Scam messages about parcel delivery on the rise: CERT NZ

Dec 20, 2023

Cyber security agency CERT NZ has seen a rise in the number of fake messages claiming to be from NZ Post in the weeks leading up to Christmas and New Year.

Two people on a farm leaning against a gate looking at an ipad or device

CERT NZ is advising New Zealanders to be cautious about any messages claiming to have an undelivered parcel requiring attention.

“As Christmas and New Year draw closer, we are seeing an uptick in the number of phishing messages being reported to us,” CERT NZ Threat and Incident manager Jordan Heersping says. 

“Since it's a time of year when a lot of people are actually expecting parcels, these messages appear all the more credible.” 

‘Phishing’ refers to messages pretending to be from a credible source, that aim to make the recipient give away personal details, passwords or bank logins.

Over the last four months the number of phishing messages claiming to be from NZ Post rose 66%. The current December figures, indicate that the upwards trend is continuing.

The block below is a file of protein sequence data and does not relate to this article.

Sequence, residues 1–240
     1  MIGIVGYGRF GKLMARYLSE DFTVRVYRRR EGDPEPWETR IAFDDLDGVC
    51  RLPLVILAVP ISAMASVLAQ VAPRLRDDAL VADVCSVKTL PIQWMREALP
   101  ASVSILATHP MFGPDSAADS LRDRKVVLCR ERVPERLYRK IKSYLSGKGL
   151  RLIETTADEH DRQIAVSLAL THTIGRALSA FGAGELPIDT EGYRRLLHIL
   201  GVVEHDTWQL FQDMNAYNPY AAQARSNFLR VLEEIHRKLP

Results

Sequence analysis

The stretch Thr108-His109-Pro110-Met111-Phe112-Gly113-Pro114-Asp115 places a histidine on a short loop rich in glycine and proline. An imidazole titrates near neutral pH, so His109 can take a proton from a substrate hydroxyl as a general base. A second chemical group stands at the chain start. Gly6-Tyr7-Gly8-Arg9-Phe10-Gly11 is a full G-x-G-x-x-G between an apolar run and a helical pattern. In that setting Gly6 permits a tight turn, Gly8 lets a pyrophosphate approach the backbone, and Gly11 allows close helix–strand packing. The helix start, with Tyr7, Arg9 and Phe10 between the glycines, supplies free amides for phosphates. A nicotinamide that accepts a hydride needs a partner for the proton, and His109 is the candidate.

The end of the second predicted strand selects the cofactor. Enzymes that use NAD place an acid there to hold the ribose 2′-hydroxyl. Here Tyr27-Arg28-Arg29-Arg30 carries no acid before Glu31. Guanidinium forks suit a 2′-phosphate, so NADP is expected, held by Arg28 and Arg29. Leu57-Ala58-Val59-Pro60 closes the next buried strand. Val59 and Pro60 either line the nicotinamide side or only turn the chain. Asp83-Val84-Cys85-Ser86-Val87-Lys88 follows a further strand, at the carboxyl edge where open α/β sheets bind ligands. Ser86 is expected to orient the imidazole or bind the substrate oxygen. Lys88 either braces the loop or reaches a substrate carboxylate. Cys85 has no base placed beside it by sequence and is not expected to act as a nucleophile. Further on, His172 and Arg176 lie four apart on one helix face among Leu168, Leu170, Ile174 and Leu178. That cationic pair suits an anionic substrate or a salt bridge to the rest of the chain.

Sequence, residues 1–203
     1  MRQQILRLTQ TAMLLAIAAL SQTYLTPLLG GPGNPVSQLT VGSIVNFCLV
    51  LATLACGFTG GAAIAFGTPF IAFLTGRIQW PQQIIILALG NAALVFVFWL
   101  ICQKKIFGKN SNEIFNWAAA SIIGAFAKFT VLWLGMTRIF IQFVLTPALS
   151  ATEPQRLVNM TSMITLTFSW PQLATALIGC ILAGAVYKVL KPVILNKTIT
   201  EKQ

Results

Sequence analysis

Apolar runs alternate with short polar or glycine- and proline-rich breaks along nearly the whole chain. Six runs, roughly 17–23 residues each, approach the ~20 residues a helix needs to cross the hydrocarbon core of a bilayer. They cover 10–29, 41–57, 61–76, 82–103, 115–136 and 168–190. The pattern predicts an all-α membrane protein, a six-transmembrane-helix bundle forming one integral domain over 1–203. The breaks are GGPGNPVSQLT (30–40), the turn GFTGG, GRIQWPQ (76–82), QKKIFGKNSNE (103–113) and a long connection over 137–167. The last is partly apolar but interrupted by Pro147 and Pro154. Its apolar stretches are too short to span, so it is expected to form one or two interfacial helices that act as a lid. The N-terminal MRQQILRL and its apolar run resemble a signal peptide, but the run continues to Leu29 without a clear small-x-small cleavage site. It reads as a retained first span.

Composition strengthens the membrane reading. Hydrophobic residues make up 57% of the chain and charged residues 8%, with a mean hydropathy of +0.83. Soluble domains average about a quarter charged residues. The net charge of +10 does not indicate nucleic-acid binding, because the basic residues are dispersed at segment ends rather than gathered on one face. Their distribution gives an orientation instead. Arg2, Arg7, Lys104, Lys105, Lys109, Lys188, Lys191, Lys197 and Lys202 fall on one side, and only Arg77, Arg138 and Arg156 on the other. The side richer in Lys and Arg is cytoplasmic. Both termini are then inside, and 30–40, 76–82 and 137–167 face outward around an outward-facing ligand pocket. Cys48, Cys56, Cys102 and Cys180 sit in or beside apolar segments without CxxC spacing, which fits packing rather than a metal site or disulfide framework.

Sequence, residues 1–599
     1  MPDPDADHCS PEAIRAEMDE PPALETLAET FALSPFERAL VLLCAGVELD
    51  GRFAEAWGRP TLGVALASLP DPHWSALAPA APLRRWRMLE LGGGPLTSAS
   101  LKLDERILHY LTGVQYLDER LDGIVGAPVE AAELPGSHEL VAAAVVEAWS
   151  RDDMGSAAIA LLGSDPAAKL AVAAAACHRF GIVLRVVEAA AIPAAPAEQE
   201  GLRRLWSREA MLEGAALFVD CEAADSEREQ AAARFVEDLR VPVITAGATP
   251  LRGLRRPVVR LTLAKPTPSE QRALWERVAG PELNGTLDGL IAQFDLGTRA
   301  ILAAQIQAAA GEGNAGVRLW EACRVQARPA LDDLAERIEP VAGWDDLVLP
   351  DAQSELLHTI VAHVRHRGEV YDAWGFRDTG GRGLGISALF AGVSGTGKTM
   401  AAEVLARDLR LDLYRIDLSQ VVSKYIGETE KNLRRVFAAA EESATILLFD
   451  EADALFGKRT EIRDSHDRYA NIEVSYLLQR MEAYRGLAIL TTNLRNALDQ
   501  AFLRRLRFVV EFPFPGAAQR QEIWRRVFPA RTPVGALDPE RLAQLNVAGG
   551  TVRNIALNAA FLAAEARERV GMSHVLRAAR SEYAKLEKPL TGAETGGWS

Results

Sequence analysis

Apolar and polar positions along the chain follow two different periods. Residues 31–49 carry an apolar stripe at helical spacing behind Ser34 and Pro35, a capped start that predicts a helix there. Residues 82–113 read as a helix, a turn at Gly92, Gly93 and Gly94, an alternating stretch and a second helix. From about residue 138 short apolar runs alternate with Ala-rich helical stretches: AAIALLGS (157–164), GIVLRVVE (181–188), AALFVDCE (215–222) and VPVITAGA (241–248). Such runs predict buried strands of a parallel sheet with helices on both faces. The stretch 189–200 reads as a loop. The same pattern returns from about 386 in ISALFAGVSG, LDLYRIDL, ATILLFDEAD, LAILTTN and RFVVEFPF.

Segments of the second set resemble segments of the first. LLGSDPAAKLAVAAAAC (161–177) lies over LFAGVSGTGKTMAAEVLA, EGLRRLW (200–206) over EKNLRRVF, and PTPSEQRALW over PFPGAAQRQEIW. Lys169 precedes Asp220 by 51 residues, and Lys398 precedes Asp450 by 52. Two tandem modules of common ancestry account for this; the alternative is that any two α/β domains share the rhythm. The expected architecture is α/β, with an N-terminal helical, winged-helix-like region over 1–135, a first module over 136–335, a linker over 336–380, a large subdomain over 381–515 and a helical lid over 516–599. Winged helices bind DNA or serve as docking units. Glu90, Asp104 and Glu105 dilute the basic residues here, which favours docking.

New Zealanders can use the following guidelines to identify a phishing message:

NZ Post’s emails will always be sent from If it's different, even by one additional character, be very cautious. 

Scammers use links that are close to the official one. In this case they may use words like "nz-post" or "nzpostal" to make them look legitimate.

NZ Post does use an official 'short link" which is always

With text messages, large organisations like NZ Post use short codes to send messages – usually four or five digits long. If the message comes from a full mobile number, especially with an international code, treat it as phishing.

Most of the messages CERT NZ has seen claim a parcel could not be delivered and the receiver needs to click on a link.

Be aware that the exact messaging may change over time. If you do click the link, it will take you to a page asking for your information, including credit card details.

“Any details you enter, including any passwords, can be used to hack into your other accounts, especially if you use the same password across accounts,” Heersping warned.

“Sometimes this type of scam can also result in lost funds as well, as the scammers may claim there needs to be a Customs fee paid for release of the delivery.”

For more information on what to do when you encounter these messages, see CERT NZ's website: Own Your Online and NZ Post's website.

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